A few years ago I did a post called Counting Pieces where I noted that in his book The Inner Game of Chess-How to Calculate and Win Andy Soltis discussed the problems of keeping track of material in a complicated position, especially in situations that result in a material imbalance.
While playing through one of the games in the chapter on "Counting Out" where Soltis discusses the problems involved in counting pieces, especially those involving material imbalances, he didn't bother to analyze this game after move 21 because the remaining moves were not relevant to his theme. Also because the book was published back in 1994, I was curious to check the validity of his conclusions with Stockfish and Komodo. Whether he was exactly right isn't all that important because his general advice on dealing with such positions is excellent.
While it may be difficult for us amateurs to evaluate the effectiveness of the pieces on the board, counting them is no problem. The problem is that when calculating a sequence of moves where there are multiple captures, especially if the material in not even, it can be easy to lose count of who has what left!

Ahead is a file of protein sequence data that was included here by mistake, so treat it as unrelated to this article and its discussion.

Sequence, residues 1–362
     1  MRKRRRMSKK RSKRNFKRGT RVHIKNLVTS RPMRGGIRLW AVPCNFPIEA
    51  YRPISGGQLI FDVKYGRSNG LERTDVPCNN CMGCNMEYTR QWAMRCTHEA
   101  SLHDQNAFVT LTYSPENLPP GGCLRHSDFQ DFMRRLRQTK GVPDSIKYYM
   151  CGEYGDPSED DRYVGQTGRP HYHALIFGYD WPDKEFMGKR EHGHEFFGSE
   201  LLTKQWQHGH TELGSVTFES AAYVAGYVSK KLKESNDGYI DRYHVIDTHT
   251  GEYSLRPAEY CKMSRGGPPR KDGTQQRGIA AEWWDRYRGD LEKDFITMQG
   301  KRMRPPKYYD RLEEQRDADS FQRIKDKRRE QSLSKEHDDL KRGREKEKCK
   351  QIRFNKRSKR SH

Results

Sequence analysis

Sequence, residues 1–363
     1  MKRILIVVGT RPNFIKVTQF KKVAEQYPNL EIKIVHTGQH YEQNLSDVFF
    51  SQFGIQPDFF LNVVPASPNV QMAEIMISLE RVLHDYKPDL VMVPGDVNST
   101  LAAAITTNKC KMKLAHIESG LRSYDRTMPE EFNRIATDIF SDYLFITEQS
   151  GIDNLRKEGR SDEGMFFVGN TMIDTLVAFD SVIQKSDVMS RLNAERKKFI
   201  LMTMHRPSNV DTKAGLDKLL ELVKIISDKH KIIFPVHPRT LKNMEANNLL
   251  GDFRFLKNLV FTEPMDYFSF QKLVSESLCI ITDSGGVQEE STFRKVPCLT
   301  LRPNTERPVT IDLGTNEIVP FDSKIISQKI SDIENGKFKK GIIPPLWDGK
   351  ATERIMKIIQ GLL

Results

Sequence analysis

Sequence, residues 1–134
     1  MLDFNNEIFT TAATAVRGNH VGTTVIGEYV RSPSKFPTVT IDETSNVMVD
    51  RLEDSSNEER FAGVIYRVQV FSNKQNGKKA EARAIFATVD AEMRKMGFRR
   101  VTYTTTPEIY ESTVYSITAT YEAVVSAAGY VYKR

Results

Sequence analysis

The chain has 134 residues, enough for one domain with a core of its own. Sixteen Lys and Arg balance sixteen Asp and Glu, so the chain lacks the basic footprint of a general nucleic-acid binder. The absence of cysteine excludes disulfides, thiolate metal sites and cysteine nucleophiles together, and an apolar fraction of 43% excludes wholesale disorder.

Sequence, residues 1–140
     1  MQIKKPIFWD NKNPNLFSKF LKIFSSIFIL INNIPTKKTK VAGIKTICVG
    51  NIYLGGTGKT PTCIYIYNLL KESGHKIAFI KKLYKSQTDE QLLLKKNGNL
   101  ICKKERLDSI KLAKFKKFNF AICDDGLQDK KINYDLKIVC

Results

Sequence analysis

For example, in the game Capablanca vs. Alekhine, Nottingham 1936, even the great calculator Alekhine lost track of the pieces left on the board when he was calculating his 24th move, f4. He thought he was winning two exchanges, but he actually gave up three pieces for two Rs.
There are two basic ways of determining what pieces are left when mentally calculating a long variation:
1) Review the sequence in your head and keep track of the pieces captured by each side along the way.
2) Visualize the final position and count the pieces remaining. Either way, it's not always easy!
This game is not only interesting in itself, but it illustrates that counting the pieces can be difficult. It was made even more so in this game because after a flurry of tactics beginning with 16.Nd5 Onoprienko won Liberzon's Queen and when we win the other guy's Queen, that always seems like a good thing, but the resulting position was very difficult to evaluate even using Stockfish.